1. Mr Prudhoe told the Court that as a result of the appeal CL-AP 7/2021 on appeal in CL33-2021 as heard on 25 January 2021 the order of certiorari and for declaratory relief were no longer live issues. The judgment of the Court of Appeal in CL-AP/2021 was handed down on 7 April 2022, so therefore after the hearing of the present application. The only live issue for determination by this court was the 2nd item of relief claimed on the Notice of Motion:

 

An order for mandamus requiring the 1st and / or 2nd Respondent to state expressly any applicable policy or policies as may be reflected in the emailed refusal of permission for gainful employment of asylum seekers as contained in the 2nd Respondent’s email (Been / Prudhoe and Hon Musgrove) timed 4 pm on 7 May 2021 and which it stated (in relevant part):

“Please note that we have reviewed your request for the granting the right to work by asylum applicants.

It has been determined that no right to gainful occupation will be granted to the Sri Lankan Nationals at this time”.

Consideration of the Issues

  1. It seems to me that the starting point is a consideration of the Immigration Ordinance and determining whether under the Ordinance the 2nd Respondent was empowered to grant permission to work to the Applicants.  The 2nd Respondent may only act in so far as empowered by law. Here, the applicable law is the Immigration Ordinance[1] and in this regard I accept the analysis of Ms Hippolyte that the Immigration Ordinance, excludes asylum seekers from the category of persons who may engage in gainful occupation in TCI[2].

 

  1. The Immigration Ordinance makes a distinction between persons who have been granted asylum, who shall be granted the right to work,[3] and asylum seekers who are to be supported, accommodated and kept (in the sense of being sustained – i.e., fed)  by or at least at the expense of the state[4]. In the absence of legislation empowering the 2nd Respondent power to grant permission to work to the Applicants, he could not do so.

 

  1. The Applicants admit they have no right to work in TCI and that the Constitution does not guarantee a right to work[5].

 

  1. The Court accepts the evidence of the Respondents as contained in the First Affidavit of Derek Been that:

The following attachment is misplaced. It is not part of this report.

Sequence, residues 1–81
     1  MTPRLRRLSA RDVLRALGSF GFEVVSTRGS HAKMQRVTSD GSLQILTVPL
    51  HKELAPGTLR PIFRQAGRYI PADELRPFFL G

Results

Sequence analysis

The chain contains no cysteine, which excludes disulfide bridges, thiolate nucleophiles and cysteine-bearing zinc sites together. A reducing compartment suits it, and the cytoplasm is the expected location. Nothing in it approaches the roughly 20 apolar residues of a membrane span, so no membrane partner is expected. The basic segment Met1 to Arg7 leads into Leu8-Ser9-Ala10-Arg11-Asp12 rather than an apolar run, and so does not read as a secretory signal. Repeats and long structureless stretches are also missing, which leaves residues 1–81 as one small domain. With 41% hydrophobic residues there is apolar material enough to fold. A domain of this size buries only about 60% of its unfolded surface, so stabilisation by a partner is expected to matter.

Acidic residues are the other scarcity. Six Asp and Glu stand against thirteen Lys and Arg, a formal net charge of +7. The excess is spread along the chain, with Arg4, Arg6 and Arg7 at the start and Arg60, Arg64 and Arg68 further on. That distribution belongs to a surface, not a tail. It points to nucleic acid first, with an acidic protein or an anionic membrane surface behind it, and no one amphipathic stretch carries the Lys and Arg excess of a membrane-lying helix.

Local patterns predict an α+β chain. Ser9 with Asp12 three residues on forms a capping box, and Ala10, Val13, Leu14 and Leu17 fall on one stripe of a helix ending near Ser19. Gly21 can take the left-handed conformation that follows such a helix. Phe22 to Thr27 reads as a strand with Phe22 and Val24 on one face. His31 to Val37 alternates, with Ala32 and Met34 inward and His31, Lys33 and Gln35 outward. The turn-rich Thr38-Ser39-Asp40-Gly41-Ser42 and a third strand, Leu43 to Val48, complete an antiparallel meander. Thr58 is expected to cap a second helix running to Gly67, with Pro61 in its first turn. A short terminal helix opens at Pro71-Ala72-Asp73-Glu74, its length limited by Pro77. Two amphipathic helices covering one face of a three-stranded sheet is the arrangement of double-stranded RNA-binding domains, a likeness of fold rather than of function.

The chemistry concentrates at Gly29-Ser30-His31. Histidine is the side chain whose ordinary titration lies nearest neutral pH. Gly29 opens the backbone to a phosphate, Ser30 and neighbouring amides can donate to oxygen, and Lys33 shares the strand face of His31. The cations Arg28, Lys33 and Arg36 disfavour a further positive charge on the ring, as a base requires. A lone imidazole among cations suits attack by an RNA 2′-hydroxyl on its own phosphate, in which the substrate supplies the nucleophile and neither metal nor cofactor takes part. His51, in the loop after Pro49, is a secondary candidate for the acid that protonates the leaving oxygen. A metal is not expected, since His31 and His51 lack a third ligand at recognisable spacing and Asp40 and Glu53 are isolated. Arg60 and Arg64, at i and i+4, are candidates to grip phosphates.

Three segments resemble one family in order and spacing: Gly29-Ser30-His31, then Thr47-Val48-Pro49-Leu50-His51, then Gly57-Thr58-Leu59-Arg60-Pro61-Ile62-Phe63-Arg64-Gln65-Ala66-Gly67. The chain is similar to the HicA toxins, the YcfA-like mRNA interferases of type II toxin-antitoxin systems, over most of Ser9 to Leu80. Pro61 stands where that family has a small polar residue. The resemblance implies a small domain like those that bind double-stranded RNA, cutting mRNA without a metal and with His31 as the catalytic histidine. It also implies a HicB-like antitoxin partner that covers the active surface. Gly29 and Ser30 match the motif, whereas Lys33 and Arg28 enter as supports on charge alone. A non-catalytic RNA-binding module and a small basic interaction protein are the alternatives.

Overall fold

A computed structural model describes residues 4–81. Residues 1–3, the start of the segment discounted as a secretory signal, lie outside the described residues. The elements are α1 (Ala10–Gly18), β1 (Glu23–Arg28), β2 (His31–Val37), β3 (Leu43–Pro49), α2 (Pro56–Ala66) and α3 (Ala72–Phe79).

1. the refusal of permission for gainful employment was based on the Immigration Ordinance not guaranteeing a right to asylum seekers to employment. 
    2. no policy exists pertaining to the right to work of asylum seekers.
    3. no policy or policies guided the decision to refuse the Applicants permission for employment. No policy has been formulated as historically the TCI does not receive a large scale number of Asylum Applications.

 

    1. even in the absence of law or policy empowering the 2nd Respondent to grant a right to employment to the Applicants, he recognized the importance of the requests and in refusing the requests gave consideration to; the time since lodging the applications for asylum, the applicants’ skills and the scarcity of those skills in the TCI, the likelihood of the applicants securing employment, wider labour and immigration policies, and the implications of the COVID 19 pandemic (extraneous factors).

 

  1. The 2nd Respondent’s consideration of extraneous factors does not change the fact that he had no power to grant the Applicants, as asylum seekers, permission to engage in gainful occupation in the absence of legislative authority. 

 

  1. Mr Prudhoe argued that the 2nd Respondent applied an “informal policy” in refusing the Applicants permission to work, which should be disclosed[6]. The Court rejects this argument, as the evidence supports a finding that the 2nd Respondent’s decision was based on the limitation of exercisable power with respect to granting permission to work to asylum seekers under the Immigration Ordinance.

 

  1. Further the existence of an applicable, enforceable or lawful “informal policy” has not been proved and is inconsistent with the Immigration Ordinance.

 

  1. Finally, the Court accepts the submission of Ms Hippolyte that the responsibility for granting the right to work to asylum seekers is within the purview of the legislature.

 

  1. In all the circumstances the order for mandamus is refused.

 

Disposal and Costs

  1. I therefore dismiss the Application in CL 43/2021. I make no order as to costs.[7]

 

 

Hon. Carlos W. Simons OBE QC

Judge of the Supreme Court

11 May 2022

 

 

[1] Immigration Ordinance, CAP. 5.01.

[2] CAP 5.01 ss 19, 7(1).

[3] CAP 5.01 s 84(2).

[4] CAP 5.01 s 83 (1) (k).

[5] The Turks and Caicos Islands Constitution Order 2011, s 16.

[6] By an email dated 10 September 2021, the 2nd Respondent informed Mr Prudhoe inter alia that “…there is no formal policy in place with respect to right to work for asylum seekers.”

[7] Due to Mr Prudhoe’s pro bono position in these matters. See 2022 TCACA 6 at [67].